As the essays in Part Two show, however, other schools have created other ways to direct the students' placement decision. Kutztown University, for example, asks students to detail their specific reading and writing experiences over the past year or two (see Chapter Six by Janice Chernekoff). Belmont University provides brief reading and writing samples to illustrate their program expectations, and they even ask students to produce and self-evaluate a brief writing sample of their own as part of the placement process (see Chapter Five by Sims and Pinter). There are many possible variations, and obviously any schools interested in DSP need to consider their own students and courses in order to determine exactly what kind of direction will help their students the most.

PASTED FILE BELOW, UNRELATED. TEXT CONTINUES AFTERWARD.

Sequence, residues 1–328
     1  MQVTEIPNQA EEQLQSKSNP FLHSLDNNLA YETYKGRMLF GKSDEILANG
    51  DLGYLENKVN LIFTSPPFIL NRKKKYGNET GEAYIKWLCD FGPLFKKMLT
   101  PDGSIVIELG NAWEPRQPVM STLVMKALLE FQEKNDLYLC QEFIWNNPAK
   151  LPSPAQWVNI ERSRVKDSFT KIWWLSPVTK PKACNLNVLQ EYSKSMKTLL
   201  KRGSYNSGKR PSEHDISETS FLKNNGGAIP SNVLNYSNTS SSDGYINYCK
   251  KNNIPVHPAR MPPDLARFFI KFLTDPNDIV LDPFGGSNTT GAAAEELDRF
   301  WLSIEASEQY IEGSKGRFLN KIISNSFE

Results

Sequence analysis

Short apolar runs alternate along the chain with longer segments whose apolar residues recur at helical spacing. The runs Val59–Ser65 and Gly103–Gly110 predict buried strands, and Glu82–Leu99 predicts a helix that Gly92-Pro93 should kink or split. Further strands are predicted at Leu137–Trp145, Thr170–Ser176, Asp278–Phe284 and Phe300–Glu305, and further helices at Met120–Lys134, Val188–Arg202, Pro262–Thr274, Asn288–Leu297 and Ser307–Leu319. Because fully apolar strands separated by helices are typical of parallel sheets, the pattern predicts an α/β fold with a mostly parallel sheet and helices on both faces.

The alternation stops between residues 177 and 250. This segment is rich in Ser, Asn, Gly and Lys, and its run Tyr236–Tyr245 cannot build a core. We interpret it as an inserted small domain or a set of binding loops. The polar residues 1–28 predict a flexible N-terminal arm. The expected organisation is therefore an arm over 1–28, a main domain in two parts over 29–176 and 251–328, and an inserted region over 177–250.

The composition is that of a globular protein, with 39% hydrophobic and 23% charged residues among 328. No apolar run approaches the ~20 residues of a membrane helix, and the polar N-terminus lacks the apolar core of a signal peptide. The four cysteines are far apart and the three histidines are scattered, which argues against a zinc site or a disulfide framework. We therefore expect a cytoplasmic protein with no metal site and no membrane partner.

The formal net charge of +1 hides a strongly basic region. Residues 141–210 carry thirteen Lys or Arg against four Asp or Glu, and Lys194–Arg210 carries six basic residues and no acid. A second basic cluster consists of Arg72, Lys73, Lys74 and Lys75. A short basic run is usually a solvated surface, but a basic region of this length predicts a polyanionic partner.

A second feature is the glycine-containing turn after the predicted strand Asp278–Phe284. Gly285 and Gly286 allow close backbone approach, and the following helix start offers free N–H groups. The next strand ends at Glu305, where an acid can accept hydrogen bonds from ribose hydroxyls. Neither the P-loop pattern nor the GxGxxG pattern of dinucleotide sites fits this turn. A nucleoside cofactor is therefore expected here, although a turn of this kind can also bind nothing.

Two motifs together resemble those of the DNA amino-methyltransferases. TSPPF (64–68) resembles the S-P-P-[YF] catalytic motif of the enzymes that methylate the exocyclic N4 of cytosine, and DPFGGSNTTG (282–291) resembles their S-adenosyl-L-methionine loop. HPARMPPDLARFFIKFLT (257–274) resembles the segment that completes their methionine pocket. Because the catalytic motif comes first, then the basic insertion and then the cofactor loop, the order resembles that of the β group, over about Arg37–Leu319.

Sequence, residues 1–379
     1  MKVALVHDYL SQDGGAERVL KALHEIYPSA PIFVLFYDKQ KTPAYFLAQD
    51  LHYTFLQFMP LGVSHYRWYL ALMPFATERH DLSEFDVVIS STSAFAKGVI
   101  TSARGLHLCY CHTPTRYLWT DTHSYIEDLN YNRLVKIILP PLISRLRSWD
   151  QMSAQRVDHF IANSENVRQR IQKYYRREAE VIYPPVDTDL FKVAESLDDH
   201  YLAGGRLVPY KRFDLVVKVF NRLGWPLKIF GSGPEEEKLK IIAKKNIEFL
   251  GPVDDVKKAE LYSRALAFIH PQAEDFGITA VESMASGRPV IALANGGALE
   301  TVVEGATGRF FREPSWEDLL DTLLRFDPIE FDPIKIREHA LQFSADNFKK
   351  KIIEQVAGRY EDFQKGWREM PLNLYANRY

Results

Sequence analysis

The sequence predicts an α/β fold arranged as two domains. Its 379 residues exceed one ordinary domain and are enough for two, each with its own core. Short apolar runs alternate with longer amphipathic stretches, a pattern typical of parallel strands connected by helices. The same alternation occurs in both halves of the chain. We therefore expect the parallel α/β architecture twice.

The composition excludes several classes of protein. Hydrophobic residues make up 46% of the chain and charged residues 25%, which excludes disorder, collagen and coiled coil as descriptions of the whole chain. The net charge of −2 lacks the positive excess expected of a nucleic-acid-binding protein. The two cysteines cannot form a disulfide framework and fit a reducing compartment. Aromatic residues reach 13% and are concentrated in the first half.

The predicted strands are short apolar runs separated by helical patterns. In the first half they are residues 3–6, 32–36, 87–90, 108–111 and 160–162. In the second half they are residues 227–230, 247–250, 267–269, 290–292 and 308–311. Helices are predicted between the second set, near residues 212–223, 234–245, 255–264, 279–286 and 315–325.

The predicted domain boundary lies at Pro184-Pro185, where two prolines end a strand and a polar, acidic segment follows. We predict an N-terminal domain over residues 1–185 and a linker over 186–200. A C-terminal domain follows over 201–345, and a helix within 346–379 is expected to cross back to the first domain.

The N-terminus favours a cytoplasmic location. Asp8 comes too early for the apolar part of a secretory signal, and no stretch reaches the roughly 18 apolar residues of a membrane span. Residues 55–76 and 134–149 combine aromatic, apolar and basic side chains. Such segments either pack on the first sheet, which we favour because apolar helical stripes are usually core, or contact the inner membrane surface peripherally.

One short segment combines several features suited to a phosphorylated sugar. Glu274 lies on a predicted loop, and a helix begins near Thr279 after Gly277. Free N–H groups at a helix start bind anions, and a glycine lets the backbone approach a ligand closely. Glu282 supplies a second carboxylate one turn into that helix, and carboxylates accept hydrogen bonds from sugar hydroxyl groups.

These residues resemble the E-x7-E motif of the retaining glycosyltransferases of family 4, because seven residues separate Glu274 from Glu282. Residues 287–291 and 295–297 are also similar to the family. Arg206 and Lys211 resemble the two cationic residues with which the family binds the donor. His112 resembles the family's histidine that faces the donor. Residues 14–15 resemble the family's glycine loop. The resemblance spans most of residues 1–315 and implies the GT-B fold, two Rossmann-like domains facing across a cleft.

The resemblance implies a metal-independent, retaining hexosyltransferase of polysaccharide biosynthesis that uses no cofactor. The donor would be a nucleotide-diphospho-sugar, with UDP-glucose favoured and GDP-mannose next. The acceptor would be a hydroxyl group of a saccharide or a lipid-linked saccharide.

Where did the idea of directed self-placement come from?
The idea of self placement has been around awhile. And people have had different experiences with it-many negative. Edward M. White writes on the WPA-L:
Some years back, a student of mine gathered substantial data on self-placement vs. test placement in six California community colleges. About half of the students placed themselves differently than the test (a pretty good one, the Cal State U EPT) would have placed them.
White doesn't at this point question the validity of test placement as a standard by which to judge self placement, nor does he distinguish in this context self-placement from directed self-placement (we do both). But more to the point, in May 1998, Mary Barkley writes in this same thread: